J. Keith Murnighan earned his Ph.D. from Purdue University and is currently the Harold H. Hines Jr. Distinguished Professor of Risk Management at the Kellogg School of Management at Northwestern University. He also teaches in Kellogg’s Executive MBA programs around the world, including Hong Kong, Germany, Toronto, and Miami. His courses address leadership, negotiation, team building, decision-making, trust, and conflict. He has received numerous awards for his teaching and his research. In 2006 he received the Distinguished Educator Award from the Academy of Management, a Career Achievement award. In 2010 he received an Honorary Doctor of Science in Economics for distinguished contributions to Management and Organization Studies from the London Business School. He is a widely published researcher, primarily in organizational behavior, psychology, and economics.
His books include Bargaining Games (William Morrow, 1992), The Art of High-Stakes Decision-Making (with John Mowen; John Wiley & Sons, 2002), and most recently, Do Nothing! How to Stop Overmanaging and Become a Great Leader (Portfolio/The Penguin Group, 2012). He teaches regularly in executive programs in the US, Canada, the Middle East, Asia, and Europe. He is an active consultant and trainer and has worked with many major corporations, including the American Dental Association, Allscripts, Aon, Caterpillar, CDW, DHL, Ernst & Young, Kraft, Motorola, the National Wildlife Federation, Pfizer, ToysRUs, the United States Olympic Committee, and the Young Presidents Organization, among others.
Here is an excerpt from my interview of him. To read the complete interview, please click here.
* * *
Morris: Before discussing Do Nothing!, a few general questions. First, who has had the greatest influence on your personal growth? How so?
Murnighan: That’s an easy one – I was fortunate to be the child of two wonderful parents. My Dad was a lawyer who truly cared about people and justice; my mother was a Northwestern grad who made sure that my brothers and sister and I always used correct grammar! They were active, intellectually curious people who loved the world and the people in it. They encouraged us to work hard and follow our interests, and they were always there for moral and substantive support.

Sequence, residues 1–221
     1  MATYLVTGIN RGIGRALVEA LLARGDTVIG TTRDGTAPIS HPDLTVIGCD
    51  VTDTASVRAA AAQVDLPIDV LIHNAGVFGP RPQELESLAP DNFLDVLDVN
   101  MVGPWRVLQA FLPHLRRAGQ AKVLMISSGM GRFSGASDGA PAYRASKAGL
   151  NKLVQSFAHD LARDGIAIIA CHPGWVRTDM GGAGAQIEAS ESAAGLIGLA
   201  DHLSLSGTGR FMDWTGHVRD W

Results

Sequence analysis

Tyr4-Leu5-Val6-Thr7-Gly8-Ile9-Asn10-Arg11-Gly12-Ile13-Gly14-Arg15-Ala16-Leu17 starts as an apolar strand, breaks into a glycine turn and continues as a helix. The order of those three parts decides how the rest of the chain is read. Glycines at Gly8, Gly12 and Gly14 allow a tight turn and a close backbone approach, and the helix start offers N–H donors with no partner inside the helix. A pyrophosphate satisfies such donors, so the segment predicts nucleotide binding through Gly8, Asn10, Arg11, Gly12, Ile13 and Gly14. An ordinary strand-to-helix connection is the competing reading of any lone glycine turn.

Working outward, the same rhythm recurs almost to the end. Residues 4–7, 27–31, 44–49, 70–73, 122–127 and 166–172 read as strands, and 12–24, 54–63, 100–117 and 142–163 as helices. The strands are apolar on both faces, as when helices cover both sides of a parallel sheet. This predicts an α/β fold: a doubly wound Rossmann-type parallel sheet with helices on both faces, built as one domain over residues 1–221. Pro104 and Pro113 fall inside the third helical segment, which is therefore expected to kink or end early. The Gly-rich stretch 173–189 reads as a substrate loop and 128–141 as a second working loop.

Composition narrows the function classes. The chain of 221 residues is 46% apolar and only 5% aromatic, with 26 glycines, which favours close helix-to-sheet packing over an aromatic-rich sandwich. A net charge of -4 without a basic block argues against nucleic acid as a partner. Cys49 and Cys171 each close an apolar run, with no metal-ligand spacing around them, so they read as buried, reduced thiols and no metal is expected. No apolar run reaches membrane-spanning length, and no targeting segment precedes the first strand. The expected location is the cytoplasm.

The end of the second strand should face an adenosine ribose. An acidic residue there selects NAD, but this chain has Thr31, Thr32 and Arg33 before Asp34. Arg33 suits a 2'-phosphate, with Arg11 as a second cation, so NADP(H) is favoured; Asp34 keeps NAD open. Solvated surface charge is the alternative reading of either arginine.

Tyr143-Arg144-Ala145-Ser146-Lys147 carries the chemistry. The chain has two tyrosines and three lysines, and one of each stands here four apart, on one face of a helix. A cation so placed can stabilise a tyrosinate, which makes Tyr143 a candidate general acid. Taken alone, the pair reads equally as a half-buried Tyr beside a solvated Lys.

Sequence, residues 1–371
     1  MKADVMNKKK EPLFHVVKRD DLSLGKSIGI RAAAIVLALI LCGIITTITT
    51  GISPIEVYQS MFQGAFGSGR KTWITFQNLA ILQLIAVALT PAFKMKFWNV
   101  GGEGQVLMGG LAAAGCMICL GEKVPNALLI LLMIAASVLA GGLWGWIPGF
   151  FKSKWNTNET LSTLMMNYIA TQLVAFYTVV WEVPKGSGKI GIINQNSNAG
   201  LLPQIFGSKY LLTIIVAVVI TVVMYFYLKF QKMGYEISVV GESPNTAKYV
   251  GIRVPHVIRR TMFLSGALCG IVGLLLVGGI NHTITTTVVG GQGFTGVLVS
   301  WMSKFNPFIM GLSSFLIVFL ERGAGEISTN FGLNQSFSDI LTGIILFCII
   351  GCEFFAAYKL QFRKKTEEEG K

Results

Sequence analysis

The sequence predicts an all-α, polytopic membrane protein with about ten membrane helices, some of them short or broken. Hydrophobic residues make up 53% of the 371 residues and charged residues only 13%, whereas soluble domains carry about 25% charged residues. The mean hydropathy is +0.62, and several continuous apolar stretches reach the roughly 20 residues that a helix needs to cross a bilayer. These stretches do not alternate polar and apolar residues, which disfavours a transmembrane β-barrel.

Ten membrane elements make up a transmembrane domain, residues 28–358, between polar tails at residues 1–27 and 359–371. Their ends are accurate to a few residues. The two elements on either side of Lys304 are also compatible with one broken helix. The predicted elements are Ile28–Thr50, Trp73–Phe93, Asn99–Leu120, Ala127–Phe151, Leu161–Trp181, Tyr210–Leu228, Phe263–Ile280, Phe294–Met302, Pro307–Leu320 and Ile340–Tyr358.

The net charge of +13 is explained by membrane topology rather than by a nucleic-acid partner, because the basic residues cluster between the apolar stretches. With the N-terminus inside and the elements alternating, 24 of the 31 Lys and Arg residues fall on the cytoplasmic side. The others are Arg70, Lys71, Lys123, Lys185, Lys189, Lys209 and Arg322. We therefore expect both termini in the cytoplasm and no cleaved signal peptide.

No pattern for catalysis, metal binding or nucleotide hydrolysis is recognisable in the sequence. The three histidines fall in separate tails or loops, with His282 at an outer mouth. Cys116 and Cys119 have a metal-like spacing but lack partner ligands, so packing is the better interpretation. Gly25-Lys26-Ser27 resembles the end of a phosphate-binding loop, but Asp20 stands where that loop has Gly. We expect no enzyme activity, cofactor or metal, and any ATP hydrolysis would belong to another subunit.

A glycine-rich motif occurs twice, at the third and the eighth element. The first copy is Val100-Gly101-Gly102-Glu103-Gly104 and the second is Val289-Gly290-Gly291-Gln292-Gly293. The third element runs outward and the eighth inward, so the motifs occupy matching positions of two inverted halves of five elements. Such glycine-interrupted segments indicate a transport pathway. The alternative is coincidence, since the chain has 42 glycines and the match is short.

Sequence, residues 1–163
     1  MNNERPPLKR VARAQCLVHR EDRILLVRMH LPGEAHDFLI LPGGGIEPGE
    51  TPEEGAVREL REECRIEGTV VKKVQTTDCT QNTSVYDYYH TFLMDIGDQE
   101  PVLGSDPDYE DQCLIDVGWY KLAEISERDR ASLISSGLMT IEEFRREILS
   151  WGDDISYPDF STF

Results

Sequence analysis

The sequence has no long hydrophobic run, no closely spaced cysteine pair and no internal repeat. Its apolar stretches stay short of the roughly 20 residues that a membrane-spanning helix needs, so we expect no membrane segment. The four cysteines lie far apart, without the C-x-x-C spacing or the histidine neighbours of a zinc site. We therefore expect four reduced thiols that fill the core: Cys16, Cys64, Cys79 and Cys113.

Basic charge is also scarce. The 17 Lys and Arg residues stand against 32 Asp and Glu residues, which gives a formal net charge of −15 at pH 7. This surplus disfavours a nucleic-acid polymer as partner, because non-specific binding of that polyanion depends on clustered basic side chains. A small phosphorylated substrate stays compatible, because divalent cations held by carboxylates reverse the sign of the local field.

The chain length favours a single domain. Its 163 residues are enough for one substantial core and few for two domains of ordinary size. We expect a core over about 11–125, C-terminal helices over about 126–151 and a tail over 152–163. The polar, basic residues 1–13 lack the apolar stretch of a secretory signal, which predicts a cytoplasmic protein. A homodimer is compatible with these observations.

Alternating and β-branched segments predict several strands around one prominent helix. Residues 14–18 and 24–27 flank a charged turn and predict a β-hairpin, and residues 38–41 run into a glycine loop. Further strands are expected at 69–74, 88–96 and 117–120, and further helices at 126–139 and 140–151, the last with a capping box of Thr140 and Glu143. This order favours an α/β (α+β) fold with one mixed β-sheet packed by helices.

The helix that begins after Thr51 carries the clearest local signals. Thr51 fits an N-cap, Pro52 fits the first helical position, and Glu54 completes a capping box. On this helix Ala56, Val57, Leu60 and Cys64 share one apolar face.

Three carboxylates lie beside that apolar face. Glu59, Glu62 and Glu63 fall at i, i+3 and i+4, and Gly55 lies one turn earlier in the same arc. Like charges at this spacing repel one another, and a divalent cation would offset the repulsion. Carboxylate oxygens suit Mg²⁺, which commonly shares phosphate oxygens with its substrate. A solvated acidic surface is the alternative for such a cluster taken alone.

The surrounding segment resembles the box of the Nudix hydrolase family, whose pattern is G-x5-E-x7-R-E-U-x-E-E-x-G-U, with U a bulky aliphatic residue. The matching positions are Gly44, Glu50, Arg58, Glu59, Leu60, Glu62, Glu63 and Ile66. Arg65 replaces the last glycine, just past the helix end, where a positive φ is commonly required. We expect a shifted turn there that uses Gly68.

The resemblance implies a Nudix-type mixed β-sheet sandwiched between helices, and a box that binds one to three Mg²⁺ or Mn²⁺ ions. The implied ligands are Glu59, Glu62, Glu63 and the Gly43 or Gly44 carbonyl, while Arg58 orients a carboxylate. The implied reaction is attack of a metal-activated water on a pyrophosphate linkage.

Morris: Morris: The greatest impact on your professional development? How so?
Murnighan: This is much tougher, as I’ve had the great pleasure to work with an amazing array of outstanding people. In fact, I hesitate to start naming people because I know that I will leave important people out of the list, and that would be inexcusable. Instead, I’ll give you a flavor of the experiences that they provided. Through high school I attended Catholic schools in the Chicago area: they had a strong focus on developing us both intellectually and as human beings. I went off to college wanting to be more extroverted and independent, and I was able to sample a wide array of different classes, throughout the sciences and the humanities. I continued sampling many different domains in graduate school: even though I was enrolled in social psychology, I took classes in economics and in the business school.
These diverse pursuits were always encouraged and supported and allowed me to take a broad view of the social sciences. My first academic job, at the University of Illinois, was absolutely phenomenal: great colleagues, a research-oriented environment that valued good teaching, and a tremendously supportive administration. Once again, I had the freedom to follow my own interests, and I was influenced by a great set of scholars who all were excited about what we could all learn about how and why human beings behave the way they do, both at work and in broader social contexts.